For the first three games of their series against the Predators, the Blackhawks started six defensemen with an average age of 31.8 years.
Possibly the most startling sight for the Hawks in their sweep at the hands of the Predators was that their defensemen looked their ages.
The struggles of Jonathan Toews and Patrick Kane were a major problem in the series, but you could argue that was a four-game aberration. Also, Toews and Kane are still in their late 20s and have several prime years of hockey ahead of them.
Instead, the biggest issue was something that might not improve next season — the younger Predators skating circles around the Hawks’ veteran defensemen.
If that’s the future of the Central Division, that ought to keep the Hawks’ restless throughout this offseason. With a lot of salary-cap space tied up in big contracts, there might not be much general manager Stan Bowman can do about it.
Duncan Keith, one of the premier defenseman in the league for a long time, is 33 and is 18 months removed from major knee surgery. Brent Seabrook, who is signed for seven more seasons, is 32 but has looked for two seasons like there is wear on his treads. Brian Campbell, 38, is a free agent who could retire or go elsewhere. Johnny Oduya, 35, is also a free agent, is coming off an injury-riddled season and, by his own admission, a disappointing playoff series in which the Predators made him look like he was skating in sand.
Bowman tried to recapture the magic of previous Cup runs with that core of defensemen. It was a patchwork solution that looked good on paper but failed when it counted. Several Hawks said they couldn’t quite reach the level of play they have had in previous seasons. Maybe it wasn’t a lack of desire or motivation to do so. Maybe the Hawks couldn’t skate with the Predators — because they just weren’t as fast, especially on defense.
Photos from Game 4 of the Western Conference quarterfinals between the Blackhawks and Predators on April 20, 2017, in Nashville, Tenn.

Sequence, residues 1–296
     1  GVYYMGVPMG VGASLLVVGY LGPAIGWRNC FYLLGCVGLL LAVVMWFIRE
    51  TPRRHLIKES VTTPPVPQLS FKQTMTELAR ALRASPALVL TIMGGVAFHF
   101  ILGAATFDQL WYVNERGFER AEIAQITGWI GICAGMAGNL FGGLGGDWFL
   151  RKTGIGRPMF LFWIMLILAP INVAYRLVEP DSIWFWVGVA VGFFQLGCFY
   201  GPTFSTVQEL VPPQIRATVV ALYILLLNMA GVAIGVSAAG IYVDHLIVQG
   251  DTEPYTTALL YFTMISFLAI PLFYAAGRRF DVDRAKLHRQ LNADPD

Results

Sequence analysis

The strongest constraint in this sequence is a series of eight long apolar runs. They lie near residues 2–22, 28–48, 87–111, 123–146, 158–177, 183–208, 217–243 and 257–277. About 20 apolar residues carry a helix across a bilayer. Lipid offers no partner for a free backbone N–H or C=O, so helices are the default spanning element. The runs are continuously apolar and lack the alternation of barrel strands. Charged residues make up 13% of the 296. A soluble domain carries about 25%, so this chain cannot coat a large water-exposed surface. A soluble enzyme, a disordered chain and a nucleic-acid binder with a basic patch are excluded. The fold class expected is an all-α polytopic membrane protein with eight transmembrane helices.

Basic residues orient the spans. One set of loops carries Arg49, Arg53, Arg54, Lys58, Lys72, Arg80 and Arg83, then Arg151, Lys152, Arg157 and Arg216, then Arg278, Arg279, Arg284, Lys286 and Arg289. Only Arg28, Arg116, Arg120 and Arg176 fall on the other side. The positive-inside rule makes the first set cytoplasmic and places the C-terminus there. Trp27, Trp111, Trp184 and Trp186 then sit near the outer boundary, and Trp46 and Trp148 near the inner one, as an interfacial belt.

This season the Hawks saw the emergence of some young forwards who might be contributors the next few years in Nick Schmaltz and Ryan Hartman.
But if the Hawks want to keep their Stanley Cup window open, next season and the years after are going to depend on the development of defensemen currently in the system to bolster the aging core.
Among the names are Gustav Forsling, who played in 38 games this season, Erik Gustafsson, who played in 41 games a season ago but didn’t crack the roster this season, Viktor Svedberg (27 games a season ago), Ville Pokka and Lucas Carlsson, who spent the year in the Swedish Hockey League.
But developing young defensemen is different from forwards. Young defensemen need time, sometimes multiple seasons, to become viable NHL players.
The Hawks don’t have a lot of time to wait.
The Hawks feel they have one young defenseman in Trevor van Riemsdyk, who could be a solid bottom pairing defenseman, but van Riemsdyk, who is under contract for next season, could be in danger of the Vegas Golden Knights plucking him in the upcoming expansion draft. Meanwhile, the Hawks would like to re-sign Michal Kempny, but Kempny is also a free agent.
Who fills up minutes beyond the top three defensemen — and how they perform — is very much a question headed into next season and beyond.
The enduring images from the first-round exit are going to be the Predators skating by the Hawks, relentlessly forcing the issue in the Hawks’ defensive zone. No matter who coach Joel Quenneville threw out there, the Hawks had no answer to slow the Predators, and looking at the defensive roster next season, it’s hard to determine who might be part of the solution.